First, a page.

- The fight scenes are pretty slick, but you're never really allowed to enjoy the historical stuff due to the director's insistence on splicing scenes of Fassbender in the present day fighting nothing into the action. Like, you'll be watching his assassin equivalent doing some cool neck-stabbing or wall-running or parkour and you'll totally be into it, then suddenly there's a two-second insert of Fassbender wearing a t-shirt, swinging around on a big metal arm. And it's always accompanied by a robotic 'Vrrrrr!' sound, so you remember it's mechanical. LET ME ENJOY 1492, PLEASE. Commit to your central concept, you mugs.

- This film doesn't have an ending. It literally doesn't have an ending. You get a semi-exciting action sequence that promises much in the way of carnage, but it wimps out and ends on a shot of Fassbender on a rooftop in London – a rooftop which, presumably, he climbed up in a cumbersome fashion beforehand, and will have to clumsily climb his way down again after the credits have started. Him and his assassin friends do that silent look to each other, then out to the world, that seems to say 'I am thinking about how our adventures will likely continue, say, in a sequel'. Ha ha. No. Off the roof with you.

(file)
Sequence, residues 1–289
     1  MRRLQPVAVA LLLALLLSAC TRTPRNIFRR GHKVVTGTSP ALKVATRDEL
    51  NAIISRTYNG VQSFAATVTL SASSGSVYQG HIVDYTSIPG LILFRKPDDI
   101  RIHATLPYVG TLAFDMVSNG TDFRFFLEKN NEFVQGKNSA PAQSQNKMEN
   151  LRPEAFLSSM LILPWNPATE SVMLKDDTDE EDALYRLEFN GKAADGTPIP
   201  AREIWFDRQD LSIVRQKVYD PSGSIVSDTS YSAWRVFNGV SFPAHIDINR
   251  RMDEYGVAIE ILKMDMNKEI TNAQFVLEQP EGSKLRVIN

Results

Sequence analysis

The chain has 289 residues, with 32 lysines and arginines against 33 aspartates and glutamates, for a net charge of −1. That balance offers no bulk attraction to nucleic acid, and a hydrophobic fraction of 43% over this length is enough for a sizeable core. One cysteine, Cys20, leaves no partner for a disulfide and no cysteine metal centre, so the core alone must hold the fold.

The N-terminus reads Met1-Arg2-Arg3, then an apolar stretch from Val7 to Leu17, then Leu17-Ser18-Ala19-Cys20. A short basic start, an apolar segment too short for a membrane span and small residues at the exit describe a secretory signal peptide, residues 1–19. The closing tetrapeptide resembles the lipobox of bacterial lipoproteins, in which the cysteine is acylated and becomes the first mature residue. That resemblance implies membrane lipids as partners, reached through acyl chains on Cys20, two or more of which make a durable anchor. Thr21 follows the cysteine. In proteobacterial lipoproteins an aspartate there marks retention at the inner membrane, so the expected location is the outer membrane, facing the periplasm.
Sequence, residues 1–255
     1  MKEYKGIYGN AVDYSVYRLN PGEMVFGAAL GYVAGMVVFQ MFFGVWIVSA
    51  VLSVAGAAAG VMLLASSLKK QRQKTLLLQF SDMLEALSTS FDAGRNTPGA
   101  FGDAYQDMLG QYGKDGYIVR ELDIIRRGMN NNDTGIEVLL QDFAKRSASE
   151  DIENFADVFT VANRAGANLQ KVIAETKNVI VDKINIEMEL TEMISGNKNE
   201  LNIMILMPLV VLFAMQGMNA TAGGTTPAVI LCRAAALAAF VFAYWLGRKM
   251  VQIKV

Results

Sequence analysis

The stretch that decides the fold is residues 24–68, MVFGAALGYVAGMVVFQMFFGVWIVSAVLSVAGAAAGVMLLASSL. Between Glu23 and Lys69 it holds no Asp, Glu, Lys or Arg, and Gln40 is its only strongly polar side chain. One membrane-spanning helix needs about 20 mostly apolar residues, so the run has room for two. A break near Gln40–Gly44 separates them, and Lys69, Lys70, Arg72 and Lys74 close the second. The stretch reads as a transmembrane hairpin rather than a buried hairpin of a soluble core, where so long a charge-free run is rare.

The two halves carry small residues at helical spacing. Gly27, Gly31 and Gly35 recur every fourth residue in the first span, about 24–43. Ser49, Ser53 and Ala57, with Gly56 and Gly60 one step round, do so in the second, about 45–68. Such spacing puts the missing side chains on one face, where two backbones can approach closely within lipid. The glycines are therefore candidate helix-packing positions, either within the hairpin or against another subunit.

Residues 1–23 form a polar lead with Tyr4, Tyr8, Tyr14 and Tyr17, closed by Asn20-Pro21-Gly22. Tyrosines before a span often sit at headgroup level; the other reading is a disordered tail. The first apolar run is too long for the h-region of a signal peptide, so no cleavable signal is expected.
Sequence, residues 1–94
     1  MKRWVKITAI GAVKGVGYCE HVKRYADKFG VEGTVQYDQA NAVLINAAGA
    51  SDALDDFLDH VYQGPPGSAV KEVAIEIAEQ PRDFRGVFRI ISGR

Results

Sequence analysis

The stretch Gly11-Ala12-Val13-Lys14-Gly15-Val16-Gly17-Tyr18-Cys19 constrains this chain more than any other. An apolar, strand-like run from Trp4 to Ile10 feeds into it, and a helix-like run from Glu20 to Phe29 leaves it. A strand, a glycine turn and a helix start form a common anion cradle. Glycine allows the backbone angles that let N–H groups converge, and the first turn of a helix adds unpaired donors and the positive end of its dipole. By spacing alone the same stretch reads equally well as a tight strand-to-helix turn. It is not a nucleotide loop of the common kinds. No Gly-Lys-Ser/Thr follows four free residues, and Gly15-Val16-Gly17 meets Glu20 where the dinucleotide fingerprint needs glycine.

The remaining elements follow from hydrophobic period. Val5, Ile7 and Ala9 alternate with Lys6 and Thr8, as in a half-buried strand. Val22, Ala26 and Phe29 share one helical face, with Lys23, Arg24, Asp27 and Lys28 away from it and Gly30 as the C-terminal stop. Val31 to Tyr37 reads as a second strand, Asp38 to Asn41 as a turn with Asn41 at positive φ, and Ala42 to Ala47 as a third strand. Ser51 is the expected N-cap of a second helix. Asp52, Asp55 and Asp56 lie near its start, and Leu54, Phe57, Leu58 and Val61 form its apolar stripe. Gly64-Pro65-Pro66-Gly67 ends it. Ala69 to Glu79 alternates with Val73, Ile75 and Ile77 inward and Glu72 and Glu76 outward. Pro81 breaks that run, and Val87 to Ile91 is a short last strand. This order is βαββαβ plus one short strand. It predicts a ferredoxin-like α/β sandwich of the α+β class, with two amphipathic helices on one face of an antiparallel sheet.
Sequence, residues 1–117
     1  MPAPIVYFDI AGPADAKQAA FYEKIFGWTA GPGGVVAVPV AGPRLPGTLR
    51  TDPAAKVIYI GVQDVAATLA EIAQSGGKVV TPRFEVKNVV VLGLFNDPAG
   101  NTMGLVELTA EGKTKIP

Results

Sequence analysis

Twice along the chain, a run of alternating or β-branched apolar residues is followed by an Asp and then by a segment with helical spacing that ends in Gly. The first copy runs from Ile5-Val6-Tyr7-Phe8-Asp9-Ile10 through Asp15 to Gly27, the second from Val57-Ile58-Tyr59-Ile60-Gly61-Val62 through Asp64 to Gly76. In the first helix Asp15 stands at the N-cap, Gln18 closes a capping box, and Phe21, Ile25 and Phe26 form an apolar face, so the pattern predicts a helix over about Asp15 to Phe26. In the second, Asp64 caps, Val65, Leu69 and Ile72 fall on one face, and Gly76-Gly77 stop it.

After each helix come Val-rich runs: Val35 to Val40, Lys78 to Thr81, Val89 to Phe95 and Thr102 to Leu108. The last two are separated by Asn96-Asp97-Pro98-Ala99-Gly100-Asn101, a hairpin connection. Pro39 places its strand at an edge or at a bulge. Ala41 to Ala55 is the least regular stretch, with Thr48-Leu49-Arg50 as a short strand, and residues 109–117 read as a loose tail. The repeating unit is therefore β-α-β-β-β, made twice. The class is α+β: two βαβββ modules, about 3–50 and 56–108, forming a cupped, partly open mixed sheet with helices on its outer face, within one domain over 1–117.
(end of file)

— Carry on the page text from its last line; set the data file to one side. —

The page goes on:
- Justin Kurzel is a smashing director and Michael Fassbender and Marion Cotillard are superb actors and I'm sure the Assassin's Creed videogames are big barrels of fun, but man, I've never been so bored by a movie about people with knives up their sleeves in my entire life. I don't know how you'd make this movie differently, but I do know that it is only tolerable when watched on a commercial airliner, where the only other options are a map screen and your own eyelids.

Flight status: I am bored of giving you flight statuses. I'm going to watch The Edge Of Seventeen. Bye!